Turtle, meanwhile, got the best arc of the season, or at least the most sincere, in exploring his relationship with Jamie-Lynn Sigler after their canoodling last season. For the first time in a while, their relationship seemed to be built with a major dose of reality, and their problems — her jealousy, his wandering eye while studying business at UCLA, the long-distance dating problem that is part of the world of a wanted film and television actor — didn’t feel like the frat raunch fest mode that this show has a tendency to slip into. And upon their final break-up, Turtle’s impulsive decision to hop aboard a plane headed for New Zealand turned into humiliation, and here’s hoping that between this and his education, he can mature further into adulthood.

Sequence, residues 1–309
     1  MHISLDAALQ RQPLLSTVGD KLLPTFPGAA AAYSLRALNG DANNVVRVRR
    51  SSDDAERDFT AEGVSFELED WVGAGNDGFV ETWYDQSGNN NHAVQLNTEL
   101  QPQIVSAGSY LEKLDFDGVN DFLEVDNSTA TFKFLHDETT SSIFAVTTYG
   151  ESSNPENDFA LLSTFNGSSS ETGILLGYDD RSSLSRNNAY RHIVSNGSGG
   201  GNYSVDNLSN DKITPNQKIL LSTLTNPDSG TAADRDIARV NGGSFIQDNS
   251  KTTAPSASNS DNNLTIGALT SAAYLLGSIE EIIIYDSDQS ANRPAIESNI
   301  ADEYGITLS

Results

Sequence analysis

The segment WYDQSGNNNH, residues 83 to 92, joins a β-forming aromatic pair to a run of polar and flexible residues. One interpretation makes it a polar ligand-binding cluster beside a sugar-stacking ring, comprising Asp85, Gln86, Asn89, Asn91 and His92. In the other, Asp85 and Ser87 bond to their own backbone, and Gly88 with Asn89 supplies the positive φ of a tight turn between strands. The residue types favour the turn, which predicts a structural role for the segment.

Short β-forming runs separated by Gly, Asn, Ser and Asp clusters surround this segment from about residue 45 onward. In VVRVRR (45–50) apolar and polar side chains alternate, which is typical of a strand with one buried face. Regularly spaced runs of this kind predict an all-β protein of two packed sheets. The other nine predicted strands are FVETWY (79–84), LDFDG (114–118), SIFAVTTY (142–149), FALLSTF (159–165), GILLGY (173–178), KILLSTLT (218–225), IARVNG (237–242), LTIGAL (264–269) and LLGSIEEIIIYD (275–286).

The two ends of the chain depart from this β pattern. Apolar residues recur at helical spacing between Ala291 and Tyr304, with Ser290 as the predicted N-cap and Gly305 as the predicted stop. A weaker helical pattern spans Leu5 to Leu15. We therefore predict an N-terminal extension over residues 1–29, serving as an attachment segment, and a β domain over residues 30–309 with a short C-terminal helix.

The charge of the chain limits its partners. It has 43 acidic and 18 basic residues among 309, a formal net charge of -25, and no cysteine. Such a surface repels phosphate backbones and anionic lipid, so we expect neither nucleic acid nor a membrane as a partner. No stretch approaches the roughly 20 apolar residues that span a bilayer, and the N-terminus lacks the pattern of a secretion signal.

Drama’s story was the one I dreaded the most this season, because honestly I tend to roll my eyes at nearly everything he does nowadays. I’ve been sick of his shitty decision-making for seasons now, and his comic relief persona hasn’t rubbed me the right way the entire time. It’s one thing for the world to work against you, but it’s another to be the sole cause of all of your problems, whether you were an asshole in the past or an asshole in the present. His impulsive decision, based entirely around the word of somebody who could have easily fucked up his career just for kicks, to drop out of Five Towns (after his physical confrontation with that douche from Eli Stone, of course) only to see his Melrose Place audition nearly cause him a heart attack (no thanks to you, Dean Cain), was going to be the latest straw of self-destructive behavior. But for the most part, this show doesn’t like to keep its characters in hell, and while Drama suffered so much this season that he nearly quit acting, his MP audition got “the network” interested in creating a star vehicle just for him. The soul-searching came too late to really save the arc, but it’s appreciated nonetheless.